The third book that was made into a feature film written by Chris Van Allsburg was Zathura.  A film, not too many people know, was directed by Jon Favreau (Iron Man and Iron Man 2).  I believe not too many people knew about this book because they tossed it aside as a copy of Jumanji and that it was not as regarded as original.  Many thought that he was just copying the same plot and theme as its predecessor and it was thought of as such.  I, in fact, had never heard of the book until the movie previews hit the screens of my part-time job working as an usher at AMC Theaters in 2005.   I did say the same thing as some of the critics that it looked like “Jumanji in space.”

The film had the new “It Girl” Kristen Stewart (known for her roles in the Twilight films) but at the time was previously known for Catch that Kid  and Panic Room.  One day at work, I decided to pop in and watch it.  I LOVED IT!  Everything about the movie had me immediately.  First thing that popped out to me was the old fashioned metal game board.  Yes, it had moving pieces like Jumanji  but I remember playing games like this at my grandmother’s house and seeing old games like this that my father used to play.  I also had a connection with the movie because of it’s science fiction theme of space.  In between my seventh and eighth grade year, I was fortunate to go to Space Academy (Space Camp for Middle School students), so I loved watching space themed films.  The movie kept very close to its source material even more than Jumanji.  The reactions from the two brothers when the cards were pulled to see what devastation was coming, Kristen Stewart’s role as the sister and reluctant baby sitter, the special effects and the events leading up to the arrival and interaction with a space man (along with plot twist similar to Jumanji ), were all spot on.  As in all films that were adapted from the book, they added to the source material and in this film, it was seamless.  This film was also in conjunction with the news that Jon Favreau was in talks to direct Iron Man.  I was sold that this actor (Swingers) turned director could do it.  One area of concern for parents is that 15-year old Kristen Stewart is in this film in a tight shirt and very short boxers.  Now, teen boys would have no problems with this but parents with children under 10 may think it is a bit inappropriate.  The other part that comes of some concern is that Kristen’s character, Lisa, tells her brothers to shut up a lot and does not treat them with too much respect until she witnesses the effects of the game.  Her other mild language faults comes up but they fall into the “stupid, idiot, moron” categories.  The mild peril that comes up are the very realistic aliens that come out and terrorize the kids but humor comes to the rescue and the scariness goes away (just make sure t.  This film is a lot more serious that Jumanji and it is not a film that parades around like Polar Express and touts its accomplishments in each scene.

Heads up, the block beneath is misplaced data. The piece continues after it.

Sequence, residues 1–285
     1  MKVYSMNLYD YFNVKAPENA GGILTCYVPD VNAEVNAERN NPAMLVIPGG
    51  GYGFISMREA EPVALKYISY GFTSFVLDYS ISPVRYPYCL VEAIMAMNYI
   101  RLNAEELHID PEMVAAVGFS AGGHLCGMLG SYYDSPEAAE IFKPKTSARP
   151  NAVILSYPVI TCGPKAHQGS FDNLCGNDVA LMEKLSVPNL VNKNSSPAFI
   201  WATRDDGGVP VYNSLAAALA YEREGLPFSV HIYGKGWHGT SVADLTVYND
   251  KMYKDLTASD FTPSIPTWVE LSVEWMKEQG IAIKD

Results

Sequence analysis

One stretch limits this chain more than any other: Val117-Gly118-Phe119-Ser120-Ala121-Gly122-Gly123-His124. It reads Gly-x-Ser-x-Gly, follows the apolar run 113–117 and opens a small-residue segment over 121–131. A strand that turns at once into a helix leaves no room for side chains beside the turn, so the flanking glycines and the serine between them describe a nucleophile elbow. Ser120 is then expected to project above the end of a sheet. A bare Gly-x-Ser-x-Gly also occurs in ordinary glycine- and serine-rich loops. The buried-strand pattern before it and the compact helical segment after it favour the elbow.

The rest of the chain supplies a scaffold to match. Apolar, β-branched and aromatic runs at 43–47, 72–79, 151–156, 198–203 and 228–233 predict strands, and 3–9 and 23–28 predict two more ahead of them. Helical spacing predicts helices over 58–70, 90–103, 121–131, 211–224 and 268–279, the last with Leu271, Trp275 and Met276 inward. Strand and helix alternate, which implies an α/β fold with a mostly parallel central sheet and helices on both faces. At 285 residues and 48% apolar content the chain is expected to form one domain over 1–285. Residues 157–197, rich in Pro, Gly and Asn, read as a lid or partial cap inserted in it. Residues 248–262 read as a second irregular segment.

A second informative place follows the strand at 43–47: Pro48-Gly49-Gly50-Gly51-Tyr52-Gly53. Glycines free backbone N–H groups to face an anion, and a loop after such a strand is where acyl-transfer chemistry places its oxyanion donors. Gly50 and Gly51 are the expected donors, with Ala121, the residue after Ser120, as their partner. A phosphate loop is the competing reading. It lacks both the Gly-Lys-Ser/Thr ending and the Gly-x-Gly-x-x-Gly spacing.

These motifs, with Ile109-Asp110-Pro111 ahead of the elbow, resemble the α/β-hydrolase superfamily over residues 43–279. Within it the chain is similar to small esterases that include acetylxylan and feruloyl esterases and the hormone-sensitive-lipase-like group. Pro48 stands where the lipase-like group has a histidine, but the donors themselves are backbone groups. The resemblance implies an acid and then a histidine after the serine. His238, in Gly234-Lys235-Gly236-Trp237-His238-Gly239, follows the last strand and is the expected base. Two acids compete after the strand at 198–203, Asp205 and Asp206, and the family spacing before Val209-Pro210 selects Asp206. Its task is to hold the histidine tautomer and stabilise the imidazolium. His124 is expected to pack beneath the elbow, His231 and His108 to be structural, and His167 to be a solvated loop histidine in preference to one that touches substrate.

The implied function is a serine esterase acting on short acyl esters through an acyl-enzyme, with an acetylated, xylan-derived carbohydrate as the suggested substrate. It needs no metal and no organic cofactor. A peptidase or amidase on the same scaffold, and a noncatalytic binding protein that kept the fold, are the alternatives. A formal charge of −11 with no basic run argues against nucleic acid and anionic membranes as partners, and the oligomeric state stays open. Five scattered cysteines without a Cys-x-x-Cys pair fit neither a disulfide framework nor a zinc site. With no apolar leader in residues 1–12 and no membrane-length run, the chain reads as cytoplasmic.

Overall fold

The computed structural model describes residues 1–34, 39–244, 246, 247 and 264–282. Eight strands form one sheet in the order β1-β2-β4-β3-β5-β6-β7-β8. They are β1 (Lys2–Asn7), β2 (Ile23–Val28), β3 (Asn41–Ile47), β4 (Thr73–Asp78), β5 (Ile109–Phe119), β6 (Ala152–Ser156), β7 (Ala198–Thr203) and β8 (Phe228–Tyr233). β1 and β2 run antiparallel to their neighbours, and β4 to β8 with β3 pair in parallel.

In conclusion, I would be extremely honored if three of my books were optioned for feature films.  Chris Van Allsburg, as great an award winning illustrator and author, should be proud of all of the works of the writers, directors and special effects coordinators did to bring his works to life.  For its time, Jumanji is great and the book is represented well but because of Robin Williams, humor takes the precedence which, to me, is not the intent of the book.  The Polar Express was too commercialized and a lot of its weakness was because of Tom Hanks being the majority of the main roles and the addition to a lot of scenes just to show off the technologies in different settings which does not translate well to the home theater.  Zathura is what I call a hidden gem and is quite frankly, my pick as the best adapted book of Chris Van Allsburg. 

Thank you for taking the time to read my reviews of Chris Van Allsburg’s works from book to screen.  I am completely humbled and would like to thank Eric for the opportunity to showcase my thoughts on these adaptations not only from a teacher’s standpoint , but also from a parent and a fan of both movies and reading.

Jumanji : B-
The Polar Express: C
Zathura: A